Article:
With wildfires likely to continue, land managers turn to a preemptive firefighting tool: grazers
The San Francisco Bay Area may be one of the densest metropolitan areas of the country, but roughly 40 percent of the region's total land area is made up of farms and rangelands.
A potentially fatal bacterial disease has been found among a free-roaming tule elk herd at Point Reyes National Seashore, raising concerns about the close proximity of wildlife to cattle on national parkland.
The recovery of the nearly extinct Tule Elk has become a dilemma for the park service, ranchers, and environmentalists at Point Reyes.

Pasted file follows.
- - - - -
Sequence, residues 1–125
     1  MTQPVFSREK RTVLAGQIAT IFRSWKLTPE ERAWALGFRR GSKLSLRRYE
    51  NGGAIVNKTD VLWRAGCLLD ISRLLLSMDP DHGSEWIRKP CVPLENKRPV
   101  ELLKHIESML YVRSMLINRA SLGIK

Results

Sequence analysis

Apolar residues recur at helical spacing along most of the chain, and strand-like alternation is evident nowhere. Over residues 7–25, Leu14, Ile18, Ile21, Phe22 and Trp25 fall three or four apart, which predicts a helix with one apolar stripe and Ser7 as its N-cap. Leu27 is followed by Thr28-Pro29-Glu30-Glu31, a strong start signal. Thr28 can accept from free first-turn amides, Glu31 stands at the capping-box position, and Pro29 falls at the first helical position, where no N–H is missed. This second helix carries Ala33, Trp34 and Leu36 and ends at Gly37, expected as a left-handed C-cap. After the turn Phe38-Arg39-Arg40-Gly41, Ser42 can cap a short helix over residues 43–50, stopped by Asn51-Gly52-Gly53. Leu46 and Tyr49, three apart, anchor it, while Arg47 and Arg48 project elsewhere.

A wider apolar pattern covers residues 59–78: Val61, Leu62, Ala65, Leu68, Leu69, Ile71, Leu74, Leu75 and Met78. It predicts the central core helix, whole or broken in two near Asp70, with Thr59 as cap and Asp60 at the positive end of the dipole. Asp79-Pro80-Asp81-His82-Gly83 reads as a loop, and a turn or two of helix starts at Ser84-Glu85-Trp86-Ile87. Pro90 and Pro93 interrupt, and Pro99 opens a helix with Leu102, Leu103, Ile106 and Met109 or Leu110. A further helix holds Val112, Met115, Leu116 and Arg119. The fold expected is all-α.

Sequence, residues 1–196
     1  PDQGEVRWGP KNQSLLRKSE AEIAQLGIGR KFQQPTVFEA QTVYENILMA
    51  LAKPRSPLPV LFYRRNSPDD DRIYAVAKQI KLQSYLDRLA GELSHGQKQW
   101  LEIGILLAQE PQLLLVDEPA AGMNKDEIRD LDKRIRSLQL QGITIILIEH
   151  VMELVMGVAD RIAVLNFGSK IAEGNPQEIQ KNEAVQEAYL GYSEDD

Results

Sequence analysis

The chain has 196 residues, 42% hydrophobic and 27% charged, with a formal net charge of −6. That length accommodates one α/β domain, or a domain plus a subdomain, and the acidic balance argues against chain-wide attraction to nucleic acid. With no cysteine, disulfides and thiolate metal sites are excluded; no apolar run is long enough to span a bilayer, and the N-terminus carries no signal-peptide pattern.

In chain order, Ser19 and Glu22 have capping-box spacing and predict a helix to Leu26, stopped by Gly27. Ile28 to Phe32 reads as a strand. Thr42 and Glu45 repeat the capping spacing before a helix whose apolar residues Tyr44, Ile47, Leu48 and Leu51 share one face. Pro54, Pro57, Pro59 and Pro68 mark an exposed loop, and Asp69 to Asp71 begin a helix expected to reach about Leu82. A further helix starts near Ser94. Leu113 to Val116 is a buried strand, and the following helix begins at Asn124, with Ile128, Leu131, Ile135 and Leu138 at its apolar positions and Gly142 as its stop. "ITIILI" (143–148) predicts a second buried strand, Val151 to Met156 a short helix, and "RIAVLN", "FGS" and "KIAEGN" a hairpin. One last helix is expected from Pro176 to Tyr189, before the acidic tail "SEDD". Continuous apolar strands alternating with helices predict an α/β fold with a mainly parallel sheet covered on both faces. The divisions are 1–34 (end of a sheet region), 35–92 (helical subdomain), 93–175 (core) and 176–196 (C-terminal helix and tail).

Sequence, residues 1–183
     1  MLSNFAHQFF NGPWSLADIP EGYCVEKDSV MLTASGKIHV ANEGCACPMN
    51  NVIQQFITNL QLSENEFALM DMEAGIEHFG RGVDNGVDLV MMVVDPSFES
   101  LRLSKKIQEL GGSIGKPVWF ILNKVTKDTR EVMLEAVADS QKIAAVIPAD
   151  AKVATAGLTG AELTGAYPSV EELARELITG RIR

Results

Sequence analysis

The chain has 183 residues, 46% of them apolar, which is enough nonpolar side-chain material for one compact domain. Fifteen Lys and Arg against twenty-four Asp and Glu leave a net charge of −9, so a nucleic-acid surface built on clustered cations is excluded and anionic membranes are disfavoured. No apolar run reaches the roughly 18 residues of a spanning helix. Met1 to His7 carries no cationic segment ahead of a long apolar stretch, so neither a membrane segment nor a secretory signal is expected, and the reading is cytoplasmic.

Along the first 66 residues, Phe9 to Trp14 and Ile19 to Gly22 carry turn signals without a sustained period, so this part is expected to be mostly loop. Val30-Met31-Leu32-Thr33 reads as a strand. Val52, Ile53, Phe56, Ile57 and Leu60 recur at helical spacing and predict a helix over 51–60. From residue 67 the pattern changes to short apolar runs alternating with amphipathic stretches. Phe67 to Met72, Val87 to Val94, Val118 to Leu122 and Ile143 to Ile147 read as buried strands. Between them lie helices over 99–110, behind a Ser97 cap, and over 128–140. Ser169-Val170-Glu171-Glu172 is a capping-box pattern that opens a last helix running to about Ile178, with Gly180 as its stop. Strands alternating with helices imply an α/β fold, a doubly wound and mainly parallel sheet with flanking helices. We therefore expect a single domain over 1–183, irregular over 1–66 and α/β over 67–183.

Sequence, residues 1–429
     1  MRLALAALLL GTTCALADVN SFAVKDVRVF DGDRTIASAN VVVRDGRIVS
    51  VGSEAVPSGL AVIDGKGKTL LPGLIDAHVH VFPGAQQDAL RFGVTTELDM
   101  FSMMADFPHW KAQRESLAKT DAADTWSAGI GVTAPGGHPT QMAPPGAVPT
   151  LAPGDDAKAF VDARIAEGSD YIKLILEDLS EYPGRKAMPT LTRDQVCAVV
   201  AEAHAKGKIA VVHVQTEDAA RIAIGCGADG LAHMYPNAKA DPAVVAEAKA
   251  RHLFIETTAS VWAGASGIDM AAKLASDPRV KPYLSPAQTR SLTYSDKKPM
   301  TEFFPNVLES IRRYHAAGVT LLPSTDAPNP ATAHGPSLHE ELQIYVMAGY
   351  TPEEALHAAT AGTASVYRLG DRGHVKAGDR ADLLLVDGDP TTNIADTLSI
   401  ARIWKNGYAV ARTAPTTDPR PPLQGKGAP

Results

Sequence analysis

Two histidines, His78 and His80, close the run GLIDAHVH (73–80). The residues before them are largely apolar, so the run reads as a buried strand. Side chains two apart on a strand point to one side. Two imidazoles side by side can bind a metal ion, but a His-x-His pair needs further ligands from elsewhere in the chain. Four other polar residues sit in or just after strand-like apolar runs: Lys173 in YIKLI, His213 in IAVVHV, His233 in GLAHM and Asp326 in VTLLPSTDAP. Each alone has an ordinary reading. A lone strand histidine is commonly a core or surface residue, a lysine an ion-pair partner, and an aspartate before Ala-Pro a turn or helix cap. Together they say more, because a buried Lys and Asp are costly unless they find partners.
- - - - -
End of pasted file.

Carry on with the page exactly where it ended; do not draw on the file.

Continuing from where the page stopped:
A rare agricultural biodiversity survey gives MALT a chance to explore its stunning new acquisition above Tomales Bay.
An ecologist argues that endorsing the benefits of livestock ignores the many negative impacts cows have on water quality, wildlife, plant communities, soils, and ecosystems.
Santa Clara County livestock advisor Sheila Barry on why livestock grazing is valued for conservation.
An ecologist argues that the presumed benefits of grazing—if they are real in the first place–can only be realized in small areas and/or result in excessive widespread collateral damage to wildlife, soils, water, and vegetation.
A livestock advisor who promotes biodiversity on grazing lands explains why cattle can be beneficial to conservation.
Two experts on grazing offer their opinion on why cattle should be barred from public lands.
If ranchers are such great conservation partners, why has ranching often been viewed as bad for the environment?